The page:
And the picture is the same on the grocery and distribution front. Wal-Mart, the world’s largest grocery retailer, rakes in more than $300 billion in annual profits, more than three times that of grocery retailed #2. This means they set policy, especially in terms of what food they will stock for how much — hence the more expensive fresh vegetables in the low-income neighborhood.

Lest you think you can avoid any of this by buying organic, think again. Your friendly neighborhood multi-national conglomerate has figured out where their consumers are trending, and have been buying up organics and folding them in as subsidiary brands since the 1990s.Here’s a fun game: try to match up the corporate owner on that chart with their place on the list of the country’s most lucrative food processing companies!

All of this is to say there are two fundamental truths about the food industry.

First, as Tom Philpott says, we — the consumers — can’t transform the food system alone:

Even if Obama were serious about transforming the food system (which I don’t think he is), he would have to contend with a set of highly profitable incumbent industries, from agrichemical makers to cheeseburger purveyors, that will defend their interests by fang and claw on Capitol Hill. And their immense lobbying power leaves any would-be reformer in the White House with little room to impose change…any serious presidential effort to reform the food system will crash into a brick wall constructed by the likes of Monsanto and Tyson Food.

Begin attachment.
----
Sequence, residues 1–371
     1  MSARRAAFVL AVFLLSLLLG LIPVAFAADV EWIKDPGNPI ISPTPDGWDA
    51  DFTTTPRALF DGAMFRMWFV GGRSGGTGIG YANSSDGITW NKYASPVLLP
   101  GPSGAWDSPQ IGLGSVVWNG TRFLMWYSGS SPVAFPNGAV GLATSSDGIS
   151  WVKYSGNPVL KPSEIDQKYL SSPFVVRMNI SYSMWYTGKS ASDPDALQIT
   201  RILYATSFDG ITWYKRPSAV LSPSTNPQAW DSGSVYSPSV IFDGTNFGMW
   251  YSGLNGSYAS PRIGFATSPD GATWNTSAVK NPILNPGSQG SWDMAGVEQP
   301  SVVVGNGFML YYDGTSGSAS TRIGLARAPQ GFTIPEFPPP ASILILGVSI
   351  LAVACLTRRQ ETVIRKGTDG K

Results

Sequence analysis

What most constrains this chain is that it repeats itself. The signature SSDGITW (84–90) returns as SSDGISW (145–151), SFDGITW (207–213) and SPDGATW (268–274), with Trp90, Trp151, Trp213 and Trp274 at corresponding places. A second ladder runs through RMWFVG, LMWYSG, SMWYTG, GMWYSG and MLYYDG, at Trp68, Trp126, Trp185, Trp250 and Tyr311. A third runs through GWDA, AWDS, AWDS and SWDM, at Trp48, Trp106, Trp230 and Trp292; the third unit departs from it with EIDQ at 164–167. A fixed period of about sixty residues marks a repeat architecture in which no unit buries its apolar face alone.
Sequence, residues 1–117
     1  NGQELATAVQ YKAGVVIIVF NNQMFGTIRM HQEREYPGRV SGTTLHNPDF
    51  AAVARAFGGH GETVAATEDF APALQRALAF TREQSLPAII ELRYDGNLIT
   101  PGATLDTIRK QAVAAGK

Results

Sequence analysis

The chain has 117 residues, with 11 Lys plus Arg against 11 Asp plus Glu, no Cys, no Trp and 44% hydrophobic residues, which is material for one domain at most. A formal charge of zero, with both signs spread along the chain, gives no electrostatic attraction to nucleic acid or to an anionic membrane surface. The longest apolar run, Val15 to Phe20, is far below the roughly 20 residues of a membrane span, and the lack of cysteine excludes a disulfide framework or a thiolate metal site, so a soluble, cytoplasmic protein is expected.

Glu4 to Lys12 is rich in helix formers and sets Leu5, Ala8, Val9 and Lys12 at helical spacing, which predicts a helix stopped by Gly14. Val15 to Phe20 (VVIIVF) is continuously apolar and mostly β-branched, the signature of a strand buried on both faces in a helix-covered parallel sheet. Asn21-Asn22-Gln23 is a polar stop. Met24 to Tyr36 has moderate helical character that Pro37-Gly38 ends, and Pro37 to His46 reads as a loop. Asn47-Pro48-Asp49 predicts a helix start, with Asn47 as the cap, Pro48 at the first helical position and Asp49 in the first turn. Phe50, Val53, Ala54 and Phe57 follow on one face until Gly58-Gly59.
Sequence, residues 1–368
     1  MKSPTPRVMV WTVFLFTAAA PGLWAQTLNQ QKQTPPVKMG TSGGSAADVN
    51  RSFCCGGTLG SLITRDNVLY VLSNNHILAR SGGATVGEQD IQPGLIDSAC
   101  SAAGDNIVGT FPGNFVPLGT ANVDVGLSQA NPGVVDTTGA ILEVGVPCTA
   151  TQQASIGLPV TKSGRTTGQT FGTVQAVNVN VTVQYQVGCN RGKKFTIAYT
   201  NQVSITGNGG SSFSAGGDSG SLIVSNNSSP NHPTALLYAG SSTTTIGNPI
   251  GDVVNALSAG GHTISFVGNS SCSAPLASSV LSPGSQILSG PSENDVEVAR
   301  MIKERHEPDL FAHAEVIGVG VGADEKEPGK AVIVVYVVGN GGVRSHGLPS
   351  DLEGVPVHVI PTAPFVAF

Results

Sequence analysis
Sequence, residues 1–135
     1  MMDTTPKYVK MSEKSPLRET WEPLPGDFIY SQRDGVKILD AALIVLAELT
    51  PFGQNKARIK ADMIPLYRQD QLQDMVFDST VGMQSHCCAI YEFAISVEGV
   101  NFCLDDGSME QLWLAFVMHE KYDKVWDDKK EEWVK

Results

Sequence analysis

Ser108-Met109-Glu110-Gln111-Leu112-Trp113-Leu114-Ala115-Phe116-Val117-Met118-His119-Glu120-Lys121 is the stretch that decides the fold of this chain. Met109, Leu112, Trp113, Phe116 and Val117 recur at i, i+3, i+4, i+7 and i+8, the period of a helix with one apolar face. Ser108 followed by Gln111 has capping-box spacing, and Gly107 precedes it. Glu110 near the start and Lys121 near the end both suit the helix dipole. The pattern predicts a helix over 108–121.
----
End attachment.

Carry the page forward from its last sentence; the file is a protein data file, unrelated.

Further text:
And in case you needed any proof, here’s (Iowa farm boy) Secretary of Ag Vilsack trumpeting ethanol as the future of American biofuels, and arguing that industrial ag will feed the world — in a speech just last week.

Philphott means that we need to lobby for political reform, rather than just buy our way out of the problem. Because buying our way out isn’t an option for everyone.